This post originally appeared on October 27, 2018, in Amanda Kludt’s newsletter “From the Editor,” a roundup of the most vital news and stories in the food world each week. Read the archives and subscribe now.
First up, please check out our brand-new video series, Sugar Coated, in which host Rebecca DeAngelis gets to research and develop new confections, techniques, and wild experiments in some of the country’s best bakeries, pastry kitchens, and restaurants.
Otherwise, right now I’m very much enjoying responses to the news that Mission Chinese, the renegade Sichuan restaurant/partyplace, serves what appears to be a big bowl of spicy ice — listed on the menu as “water pickles” — for $8 in Manhattan and Brooklyn (and for delivery!). (Danny Bowien swears it’s more than just flavored ice.) The reactions are better than the dish itself.
Do you think he’s trolling us all, a la Eater’s Serena Dai?
Do you think it’s end times, a la New York magazine’s Adam Platt?
Do you think this is no worse than charging for bread and butter, a la chef Dave Chang?
Do you think it’s no worse than paying for bottled water, a la Alison Roman?
I know everyone is going to want to dunk on this but...what's kakigori? I read it was "America's Hottest Dessert." https://t.co/yKMszlzgdT Don't get me wrong; I love kakigori and granita and know there's skill involved. But they're also "just" flavored frozen water. https://t.co/PheOXTnxch— Francis Lam (@Francis_Lam) October 26, 2018
Do you think it’s no different than kakigori, a la Francis Lam?
Do you think this is another sign of Bowien’s genius and his demand that a diner truly explore a dish, a la this guy on Twitter?
OR do you think they’re “misleadingly named” and “confusingly categorized,” but also a “terrific high-contrast tool to see how and from what vectors we assign value to food as a retail good!” a la Helen Rosner?
What a delight.
- Intel: How restaurants are dealing with Austin’s boil water notice; Dave Chang is opening a Noodle Bar in LA; the Line Hotel is opening a branch in Mid-Market San Francisco; Marc Vetri bought a 125-year-old butcher shop in Philly’s Italian Market; the owners of trendy New York bar Mr. Purple are opening a new bar in major D.C. development the Wharf; UberEats sees virtual kitchens as its key to explosive growth; Seattle star Renee Erickson is close to opening her Roman pizza place in the Amazon Spheres; the owner of Au Cheval will open a restaurant on top of the new massive Restoration Hardware that opened in the old Pastis space; Pim Techamuanvivit will open a large new Thai restaurant called Nari in SF’s Hotel Kabuki; Chick-fil-A ”hopes” to open in D.C.’s Dupont Circle; a popular Filipino pop-up is taking over Oakland’s Juhu Beach Club space; Junebaby chef Edouardo Jordan will open a new spot focused on heirloom and ancient grains late next month; New Orleans is getting its first non-airport Shake Shack; Justin Bieber ate a burrito like an alien; and here are some photos inside Austin’s new Bakery Lorraine.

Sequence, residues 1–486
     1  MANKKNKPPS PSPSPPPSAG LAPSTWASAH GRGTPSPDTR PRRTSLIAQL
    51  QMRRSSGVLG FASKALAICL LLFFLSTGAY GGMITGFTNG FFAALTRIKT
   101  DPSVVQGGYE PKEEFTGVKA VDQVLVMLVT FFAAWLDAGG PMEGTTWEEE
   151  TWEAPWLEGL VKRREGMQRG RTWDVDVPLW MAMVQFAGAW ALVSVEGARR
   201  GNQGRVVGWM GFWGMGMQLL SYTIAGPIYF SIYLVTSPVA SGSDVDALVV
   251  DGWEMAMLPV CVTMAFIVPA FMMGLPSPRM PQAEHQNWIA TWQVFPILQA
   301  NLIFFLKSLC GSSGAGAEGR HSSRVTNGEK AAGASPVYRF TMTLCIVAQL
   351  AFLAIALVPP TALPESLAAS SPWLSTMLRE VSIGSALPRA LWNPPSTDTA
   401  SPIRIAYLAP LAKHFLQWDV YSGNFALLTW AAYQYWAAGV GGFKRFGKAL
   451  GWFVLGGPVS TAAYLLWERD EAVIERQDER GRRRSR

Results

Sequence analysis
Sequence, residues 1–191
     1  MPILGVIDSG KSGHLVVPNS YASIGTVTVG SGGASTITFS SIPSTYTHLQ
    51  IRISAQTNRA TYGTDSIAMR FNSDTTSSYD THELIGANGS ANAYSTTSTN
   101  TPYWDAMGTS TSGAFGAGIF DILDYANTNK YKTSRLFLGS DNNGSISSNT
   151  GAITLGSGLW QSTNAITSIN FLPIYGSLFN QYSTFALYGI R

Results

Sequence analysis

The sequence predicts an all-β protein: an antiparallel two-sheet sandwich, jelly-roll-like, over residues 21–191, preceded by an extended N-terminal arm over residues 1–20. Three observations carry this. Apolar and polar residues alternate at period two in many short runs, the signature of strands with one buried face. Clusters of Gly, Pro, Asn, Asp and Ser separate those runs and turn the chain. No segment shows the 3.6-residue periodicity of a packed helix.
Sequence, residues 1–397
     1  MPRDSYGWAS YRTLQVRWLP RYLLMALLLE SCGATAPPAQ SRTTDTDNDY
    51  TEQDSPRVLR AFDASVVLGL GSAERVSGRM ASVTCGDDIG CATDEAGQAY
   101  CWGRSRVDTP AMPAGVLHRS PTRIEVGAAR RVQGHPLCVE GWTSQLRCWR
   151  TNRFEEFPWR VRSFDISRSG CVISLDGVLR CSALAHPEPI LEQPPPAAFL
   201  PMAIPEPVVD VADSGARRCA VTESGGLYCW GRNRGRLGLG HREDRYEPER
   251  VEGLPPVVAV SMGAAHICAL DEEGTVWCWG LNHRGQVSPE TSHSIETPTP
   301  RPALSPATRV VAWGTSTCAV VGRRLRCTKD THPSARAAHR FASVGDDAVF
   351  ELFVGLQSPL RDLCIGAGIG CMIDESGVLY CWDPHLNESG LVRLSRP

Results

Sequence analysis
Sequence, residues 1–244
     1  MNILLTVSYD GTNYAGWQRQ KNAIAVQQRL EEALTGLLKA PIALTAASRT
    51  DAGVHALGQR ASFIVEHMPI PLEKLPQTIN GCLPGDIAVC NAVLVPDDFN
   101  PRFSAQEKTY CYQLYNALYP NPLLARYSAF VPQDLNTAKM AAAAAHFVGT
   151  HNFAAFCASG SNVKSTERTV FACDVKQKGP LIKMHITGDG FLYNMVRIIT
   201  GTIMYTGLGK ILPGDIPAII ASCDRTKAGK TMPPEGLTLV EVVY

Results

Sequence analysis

- Restaurants aren’t doing enough for servers who stutter.
- An interview with the owner of beloved SF food bookstore Omnivore (spoiler: cookbook authors are the new celeb chefs).
- Just a reminder that Andrew Zimmern is opening a pan-Chinese 200-seat restaurant/tiki bar in a suburban mall with the son of the guy who founded Chi-Chis.
- The critics: Ryan Sutton loves Mark Ladner’s chicken parm sandwich at Pasta Flyer and doesn’t so much love New York’s first all-you-can-eat Korean barbecue spot; Robert Sietsema thinks Queer Eye’s Antoni Porowski’s lukewarm bowl food needs some work; and Bill Addison is smitten with Philly standout Suraya.
- How Salt, Fat, Acid, Heat changes the rules for who gets to eat on television.
- Watch: Fishing for invasive Asian carp, which jump out of the water and into the air when agitated.
- Watch: The Meat Hook’s Ben and Brent make sausage at Olympia Provisions (and it’s pretty cool).
- Buy: a favorite baker’s favorite kitchen scale.
On the Podcasts
This week on The Upsell, Daniel and I talk to butchers, small-business owners, and Youtube stars Brent Young and Ben Turley about the wild world of sustainable meat.
And on this week’s episode of our business podcast, Start to Sale, hosts Erin and Natasha talk to Piera Gelardi. a co-founder of Refinery29, about how she had to adapt her role and strategy as her business grew.
- How an Austin barbecue restaurant owner is grappling with the temptation to sell his land to vulture real estate developers for a life-changing $5 million sum: “It makes me cry, when I’ve got to choose between my neighborhood and money.” [TM]
- Remember when those economists said Seattle’s minimum wage hike hurt most workers? They’ve changed their tune. NYT]
- Uber hopes to have food-delivery drones by 2021. [WSJ]
- In my next life I want to be a cool bookstore owner who publicly calls my landlord a “dickhead” when he raises my rent by 136%, a la Sarah McNally.
- Choire Sicha is so good he can make a blah column about personal tech within the newsroom funny and strangely profound. [NYT]
- Really enjoying this “Hungerlust” series from Culture Trip, especially the one about a Paris baker who was able to come out with the help of his naughty baguettes. [Culture Trip]
- Cookbook author J.J. Goode brings his typical self-deprecating humor to his own disability in his search for a one-armed cookbook. [Taste]
- Costco, which sells 60 million rotisserie chickens per year, is building an awe-inspiring (in the scary way!) production system to cut out the middle men. [NPR]
- The current and complex state of Gilroy, the garlic capital of the world. [Curbed]
- Saving this for the weekend when it shows up in print, but New York Times Magazine’s Candy Issue! [NYTMag]